I wonder how to install those files.
These are source tar archives of add-ons to the netfilter system in the kernel. Part of netfilter is in the kernel. There is alot more of it that isn't in the main kernel tree. Mostly it is extra stuff for people that need to do special stuff with packet filtering, or what a more efficient way of doing it. If you're using a distribution of Linux, I'd suggest to stick with what they provide, as mixing packages with self-built sources can get ugly. For example, many times there will be patches and changes made to one of the things the source depends on, that will cause the source to fail.

The first two are libraries used by conntrack tools, the third, ipset is the user-land tools part of the kernel match, ipset. patch-o-matic is what adds all the different add-ons to the kernel sources. You must always use the ones that go with your kernel: brand new kernel means using snapshots. It has the date in the file name, yours above suggests Dec. 19 2003 for patch-o-matic, much, much too old for any 2.6 kernel.

Before you start with patch-o-matic, I must warn that almost every time the kernel maintainers change something in the kernel involving networking, it breaks patch-o-matic. This is the case now with 2.6.22.1 and patch-o-matic-ng-20070722.tar.bz2. The changes to 'sk_buff' structure they did broke almost all of the working patches left (I watched ipv4stripopts and Tarpit error out, and that was enough for me. I am not giving up my tarpit!) This means, at best, you'd need to re-write your firewalls to not use anything you had depended on that no longer works. Patch-o-matic used to be quite good, with geoip, string, osf, psd, and lots I forgot. Slowly they have all been broke and never fixed again, really a shame.

Quote:

Below is my understanding of compile kernel.

I don't understand step 6 and 7.
This is basically what I do...
  1. Unpack sources to /usr/src/linux-(version), symlink that to /usr/src/linux
  2. Jump in, 'make mrproper' (not really needed if you've not touched anything inside). Make sure 'asm' is linked to '(arch)-asm' in /usr/src/linux/include/
  3. Apply any patches: patch-o-matic, your own, whatever
  4. make {menu|g|old}config
  5. make; make modules_install (while that builds, I rebuild iptables and ipset)
  6. cp -f .config /boot/config; cp -f System.map /boot; cp -f arch/i386/boot/bzImage /boot ; cp -f vmlinux /boot (for kernel symbols)
  7. find /lib/modules -name \*.ko -exec gzip -f9 '{}' ';'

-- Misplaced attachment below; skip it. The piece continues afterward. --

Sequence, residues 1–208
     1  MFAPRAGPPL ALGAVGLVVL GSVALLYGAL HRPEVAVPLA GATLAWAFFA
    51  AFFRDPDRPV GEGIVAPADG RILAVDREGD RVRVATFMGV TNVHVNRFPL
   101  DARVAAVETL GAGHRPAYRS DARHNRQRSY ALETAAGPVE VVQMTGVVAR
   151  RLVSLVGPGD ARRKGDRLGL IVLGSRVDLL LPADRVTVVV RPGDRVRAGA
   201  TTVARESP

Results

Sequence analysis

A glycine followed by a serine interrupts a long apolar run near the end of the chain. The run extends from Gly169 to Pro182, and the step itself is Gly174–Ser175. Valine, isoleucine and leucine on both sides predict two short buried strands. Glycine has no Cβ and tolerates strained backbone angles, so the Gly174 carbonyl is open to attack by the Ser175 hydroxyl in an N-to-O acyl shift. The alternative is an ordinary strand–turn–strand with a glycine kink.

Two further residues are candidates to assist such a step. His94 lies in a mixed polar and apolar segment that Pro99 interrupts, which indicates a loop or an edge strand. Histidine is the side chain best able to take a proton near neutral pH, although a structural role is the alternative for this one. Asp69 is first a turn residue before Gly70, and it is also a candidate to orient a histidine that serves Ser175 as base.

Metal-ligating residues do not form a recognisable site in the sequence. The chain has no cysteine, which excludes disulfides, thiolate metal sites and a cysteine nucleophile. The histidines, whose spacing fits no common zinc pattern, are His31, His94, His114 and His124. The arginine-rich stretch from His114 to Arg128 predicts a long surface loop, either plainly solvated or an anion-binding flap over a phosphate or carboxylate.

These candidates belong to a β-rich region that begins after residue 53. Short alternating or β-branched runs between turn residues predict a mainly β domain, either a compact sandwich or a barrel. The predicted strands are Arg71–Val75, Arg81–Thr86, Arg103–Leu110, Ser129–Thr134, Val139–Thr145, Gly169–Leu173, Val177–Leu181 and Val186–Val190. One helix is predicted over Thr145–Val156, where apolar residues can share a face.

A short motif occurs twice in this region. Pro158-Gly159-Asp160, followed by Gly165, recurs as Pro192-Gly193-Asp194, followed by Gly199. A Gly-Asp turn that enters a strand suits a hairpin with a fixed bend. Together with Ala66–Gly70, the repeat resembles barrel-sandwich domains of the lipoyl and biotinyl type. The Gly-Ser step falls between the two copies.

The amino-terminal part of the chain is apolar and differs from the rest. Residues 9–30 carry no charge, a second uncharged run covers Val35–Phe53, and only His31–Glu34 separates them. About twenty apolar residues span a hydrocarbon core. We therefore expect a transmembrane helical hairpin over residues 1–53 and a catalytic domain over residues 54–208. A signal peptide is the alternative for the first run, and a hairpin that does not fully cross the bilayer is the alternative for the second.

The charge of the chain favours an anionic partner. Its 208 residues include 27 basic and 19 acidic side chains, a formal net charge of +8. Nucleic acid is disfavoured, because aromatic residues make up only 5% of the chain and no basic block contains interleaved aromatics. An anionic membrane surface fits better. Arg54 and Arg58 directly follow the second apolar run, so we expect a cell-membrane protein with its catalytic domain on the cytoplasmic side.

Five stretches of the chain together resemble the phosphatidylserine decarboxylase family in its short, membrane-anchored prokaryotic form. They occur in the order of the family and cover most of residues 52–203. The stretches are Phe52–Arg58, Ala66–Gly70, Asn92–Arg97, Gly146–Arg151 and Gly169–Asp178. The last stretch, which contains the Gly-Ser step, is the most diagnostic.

8. depmod -e -F /boot/System.map (kernel version)
  9. emacs /etc/lilo.conf /etc/modprobe.conf /etc/rc.d/rc.modules; lilo (For Lilo-based setup, other boot loaders are likely similar; also you might have another file than rc.modules to load mods at boot time)
  10. Reboot & cross your fingers

Quote:
How to edit the grub bootloader and ready to boot new kernel?
Got me there...I use Lilo

Quote:
Do unchecked any unnecessary features of kernel improve performance ?
Indeed. A full kernel, even with some fancy extras, weighs in at about 1.2mb as of 2.6.21.5
 
Old 07-24-2007, 02:39 AM   #4
Peter_APIIT
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I typed the conntrack -L filter but the bash has return no such comamnd.

I also installed geoip but don't know how to use it.

iptables -m geoip. iptables v1.3.7: Couldn't load match `geoip':/lib/iptables/libipt_geoip.so: cannot open shared object file: No such file or directory

I very very appreciated your help.

A billion thanks for your help.

Last edited by Peter_APIIT; 07-24-2007 at 02:41 AM.
 
Old 07-25-2007, 09:17 PM   #5
jayjwa
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Quote:
Originally Posted by Peter_APIIT
I typed the conntrack -L filter but the bash has return no such comamnd.
Likely you don't have /usr/sbin/conntrack installed. "filter" isn't a valid table for it, only "conntrack" or "expect".


Quote:
iptables -m geoip. iptables v1.3.7: Couldn't load match `geoip':/lib/iptables/libipt_geoip.so: cannot open shared object file: No such file or directory
Hmmm... doesn't look like it is installed, at least the user-land part of it. Remember, iptables needs to be built after the kernel is configured: it looks at what is enabled then makes the user-land shared objects to match. Geoip is two-part, one part is the kernel patch, the other part is the iptables shared library, libipt_geoip.so. There's also two files geoipdb.bin, and geoipdb.idx that you need.

Geoip won't work with any where recent kernels, so there's little to be gained from installing it. I've seen some patches to geoip out of patch-o-matic (patch the patches?) that claim it will work with 2.6.20 or thereabouts, but I've not actually got it working in a long, long time. Better to stick with iprange, and work with addresses a range at a time instead of a country. From what I'm guessing, the maintainer gave up on it (like so many of the patch-o-matic add-on's )
 
Old 07-26-2007, 10:05 PM   #6
Peter_APIIT
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Thanks for your explanation. Your explanation is so detail and yet useful.

A billion thank for your help.
 
Old 08-02-2007, 03:46 AM   #7
Peter_APIIT
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How to edit the grub bootloader and ready to boot new kernel?